Author: Samantha Mabry.
Samantha Jac Crow and James Holt have fallen in love working in the endless fields that span a bone-dry Southwest in the near future – a land that’s a little bit magical, deeply dangerous, and bursting with secrets. To protect themselves, they’ve learned to work hard and, above all, keep their love hidden from the people who might use it against them. Then, just when Sarah Jac and James have settled in and begun saving money for the home they dream of near the coast, a horrible accident sends them on the run. With no choice but to start over on a new, possibly cursed ranch, the delicate balance of their lives begins to give way – and they may have to pay a frighteningly high price for their love.
This is what I get for picking up a book because of a pretty cover.
All the Wind in the World actually felt like it should have been a good read; like it really was trying. The desert, for example. That should have been a good setting. It didn’t quite make it. Everything was a little too dramatic, a little too self-aware, so that instead of feeling the harsh beauty of desert, I felt the author trying to make me see harsh beauty. Same with the characters. I never connected with them. There was emotion, and change, and character arcs – but they all seemed at a little distance, not really concerning me, falling flat in the end.
Part of that was Sarah and James making stupid choices, I think. (The whole “have to pretend to be in love with someone else so they don’t find out” plot… no. Just no. We all know where it’s going, and it’s a stupidly bad choice even in real life where there aren’t cliches and plots to be fulfilled.) But I’ve read books where the main characters made stupid choices, and I still sympathized with them, so there has to be more to it.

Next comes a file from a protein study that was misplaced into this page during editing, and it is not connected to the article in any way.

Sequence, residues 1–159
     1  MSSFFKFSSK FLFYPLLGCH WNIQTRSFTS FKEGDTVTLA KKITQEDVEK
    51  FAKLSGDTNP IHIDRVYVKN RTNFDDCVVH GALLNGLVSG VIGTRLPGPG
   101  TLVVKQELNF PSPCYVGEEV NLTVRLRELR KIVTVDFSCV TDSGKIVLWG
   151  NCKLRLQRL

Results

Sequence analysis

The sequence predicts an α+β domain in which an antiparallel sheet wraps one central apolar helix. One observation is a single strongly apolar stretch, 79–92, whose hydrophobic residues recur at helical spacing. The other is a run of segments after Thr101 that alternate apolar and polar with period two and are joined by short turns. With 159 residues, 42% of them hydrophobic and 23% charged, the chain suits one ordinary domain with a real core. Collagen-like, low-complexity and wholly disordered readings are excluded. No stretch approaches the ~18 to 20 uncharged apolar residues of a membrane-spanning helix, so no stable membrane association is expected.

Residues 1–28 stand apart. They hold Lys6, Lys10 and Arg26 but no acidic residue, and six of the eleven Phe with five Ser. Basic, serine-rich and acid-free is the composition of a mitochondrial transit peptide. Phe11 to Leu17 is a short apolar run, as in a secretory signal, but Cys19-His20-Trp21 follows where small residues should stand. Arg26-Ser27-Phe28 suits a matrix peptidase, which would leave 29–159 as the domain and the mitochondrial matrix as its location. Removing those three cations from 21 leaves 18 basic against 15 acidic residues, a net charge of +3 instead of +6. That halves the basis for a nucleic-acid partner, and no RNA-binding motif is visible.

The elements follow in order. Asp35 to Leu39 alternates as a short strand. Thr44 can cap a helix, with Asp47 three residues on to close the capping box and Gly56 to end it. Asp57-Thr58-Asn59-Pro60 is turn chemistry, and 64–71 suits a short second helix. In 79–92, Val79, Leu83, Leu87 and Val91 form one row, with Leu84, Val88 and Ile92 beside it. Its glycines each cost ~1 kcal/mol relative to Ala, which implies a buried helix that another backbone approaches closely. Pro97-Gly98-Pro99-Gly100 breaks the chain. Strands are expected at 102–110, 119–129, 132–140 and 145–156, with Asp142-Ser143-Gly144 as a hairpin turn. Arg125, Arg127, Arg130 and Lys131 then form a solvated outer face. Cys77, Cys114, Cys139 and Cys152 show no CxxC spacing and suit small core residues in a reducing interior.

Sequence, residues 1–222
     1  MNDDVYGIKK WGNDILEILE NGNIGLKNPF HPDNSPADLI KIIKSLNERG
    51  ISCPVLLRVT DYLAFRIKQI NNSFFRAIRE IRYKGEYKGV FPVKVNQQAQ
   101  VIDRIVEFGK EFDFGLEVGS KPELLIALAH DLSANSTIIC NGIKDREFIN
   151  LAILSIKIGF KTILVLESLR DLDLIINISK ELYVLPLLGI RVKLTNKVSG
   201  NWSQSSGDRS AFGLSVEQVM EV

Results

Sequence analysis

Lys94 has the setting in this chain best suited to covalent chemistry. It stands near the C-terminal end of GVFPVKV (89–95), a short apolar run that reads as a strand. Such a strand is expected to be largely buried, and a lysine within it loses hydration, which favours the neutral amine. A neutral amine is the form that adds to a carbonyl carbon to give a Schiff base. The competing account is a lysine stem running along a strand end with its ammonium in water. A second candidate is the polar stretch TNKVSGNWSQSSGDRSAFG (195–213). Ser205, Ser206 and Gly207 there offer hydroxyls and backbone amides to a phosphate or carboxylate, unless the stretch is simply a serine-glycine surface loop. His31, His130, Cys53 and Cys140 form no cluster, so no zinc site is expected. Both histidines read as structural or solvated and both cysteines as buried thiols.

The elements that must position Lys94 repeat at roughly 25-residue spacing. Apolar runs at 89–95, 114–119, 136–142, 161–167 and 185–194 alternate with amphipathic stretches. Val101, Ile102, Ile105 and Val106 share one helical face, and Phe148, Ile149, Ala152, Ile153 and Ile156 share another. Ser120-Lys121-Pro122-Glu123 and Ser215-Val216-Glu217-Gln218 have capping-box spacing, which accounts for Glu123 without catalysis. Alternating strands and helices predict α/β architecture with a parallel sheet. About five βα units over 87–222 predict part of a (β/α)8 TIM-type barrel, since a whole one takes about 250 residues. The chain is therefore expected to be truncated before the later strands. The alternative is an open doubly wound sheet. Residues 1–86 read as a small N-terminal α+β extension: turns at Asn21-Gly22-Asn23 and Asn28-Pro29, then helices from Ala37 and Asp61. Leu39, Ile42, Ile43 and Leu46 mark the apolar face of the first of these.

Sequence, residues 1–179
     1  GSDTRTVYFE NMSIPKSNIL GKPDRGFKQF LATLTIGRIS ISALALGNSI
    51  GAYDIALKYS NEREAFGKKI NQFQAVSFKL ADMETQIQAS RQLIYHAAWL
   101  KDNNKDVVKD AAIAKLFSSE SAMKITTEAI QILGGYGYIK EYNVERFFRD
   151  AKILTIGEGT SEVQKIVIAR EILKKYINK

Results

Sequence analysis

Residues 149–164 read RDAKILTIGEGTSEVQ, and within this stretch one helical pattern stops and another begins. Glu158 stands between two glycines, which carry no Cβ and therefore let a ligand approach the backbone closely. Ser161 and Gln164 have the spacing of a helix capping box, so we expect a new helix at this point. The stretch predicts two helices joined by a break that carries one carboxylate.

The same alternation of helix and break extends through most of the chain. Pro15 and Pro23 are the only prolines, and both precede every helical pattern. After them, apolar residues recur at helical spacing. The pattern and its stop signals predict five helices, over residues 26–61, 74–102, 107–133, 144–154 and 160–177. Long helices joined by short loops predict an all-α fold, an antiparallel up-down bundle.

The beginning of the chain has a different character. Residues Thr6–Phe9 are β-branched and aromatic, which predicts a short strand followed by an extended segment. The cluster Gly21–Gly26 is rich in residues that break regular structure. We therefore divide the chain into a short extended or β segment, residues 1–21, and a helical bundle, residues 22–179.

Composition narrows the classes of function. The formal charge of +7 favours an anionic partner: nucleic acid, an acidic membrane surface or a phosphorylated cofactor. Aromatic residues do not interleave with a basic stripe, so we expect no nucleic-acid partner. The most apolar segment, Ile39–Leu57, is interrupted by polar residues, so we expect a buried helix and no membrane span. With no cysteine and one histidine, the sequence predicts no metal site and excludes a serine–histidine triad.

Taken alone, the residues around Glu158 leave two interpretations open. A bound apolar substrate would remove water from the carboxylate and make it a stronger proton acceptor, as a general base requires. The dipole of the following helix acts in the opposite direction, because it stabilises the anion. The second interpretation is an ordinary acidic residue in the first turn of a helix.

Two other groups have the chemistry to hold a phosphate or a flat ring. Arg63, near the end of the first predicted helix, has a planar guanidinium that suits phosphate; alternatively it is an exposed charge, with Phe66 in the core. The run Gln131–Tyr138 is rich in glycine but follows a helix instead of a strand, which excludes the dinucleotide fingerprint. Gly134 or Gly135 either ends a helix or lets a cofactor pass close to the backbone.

The plot didn’t even make sense in the end. The final emotion, for me, was great confusion (with a healthy dose of “What’s wrong with all of you??”) and some annoyance.
10/10 for the cover, but 0/10 for everything else.
Sexual Content: Lovers kiss, lying on top of each other. Some public affection watched – girl sitting in her boyfriend’s lap, light kissing. Intense kissing.
Language: 5 scato 2 derog 4 f-word 2 d****
Violence: There’s an altercation in high winds, girl shoves a rearing horse and it falls back, killing rider. Character cuts the head off a rattlesnake. Guard is knifed (killed) off screen. Fist fight breaks out, one nose broken. Character knocked out in a second fist fight. Character dies of fever. There are multiple accidents among field-workers, gory but only lightly described; the scythe slips and workers lose fingers or toes. Dog attacks girl, tears her open; a different character kills the dog with a blow to the head, but the girl dies. One character forces another into a truck, hitting her head in the process. Multiple people badly stung by bees, and some killed – this is described as “Soon the ground was littered with bodies”. A horse is also stung, and in its ensuing panic breaks its leg and has to be shot. Several workers who took the chaos of bees to attack overseers are put to death by the rifle. Little girl’s foot trampled and mangled. One character kills another by cutting their neck with a scythe-like tool. Workers set fire to buildings + each other in chaos.
Other: One character finds two men sort of cuddling – while a homosexual relationship is never made explicit, there’s immediate awkwardness all around, and the first character promises not to “say anything about this”.